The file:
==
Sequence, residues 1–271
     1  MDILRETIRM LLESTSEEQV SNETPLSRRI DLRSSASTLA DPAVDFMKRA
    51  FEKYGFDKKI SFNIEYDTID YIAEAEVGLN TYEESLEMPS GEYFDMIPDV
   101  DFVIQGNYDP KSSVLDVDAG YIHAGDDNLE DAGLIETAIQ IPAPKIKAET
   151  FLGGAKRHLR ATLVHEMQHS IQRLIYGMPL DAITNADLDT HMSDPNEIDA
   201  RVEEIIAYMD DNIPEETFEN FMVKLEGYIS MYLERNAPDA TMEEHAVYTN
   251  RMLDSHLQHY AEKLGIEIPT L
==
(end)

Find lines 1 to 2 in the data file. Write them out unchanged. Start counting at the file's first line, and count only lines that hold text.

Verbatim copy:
Sequence, residues 1–271
     1  MDILRETIRM LLESTSEEQV SNETPLSRRI DLRSSASTLA DPAVDFMKRA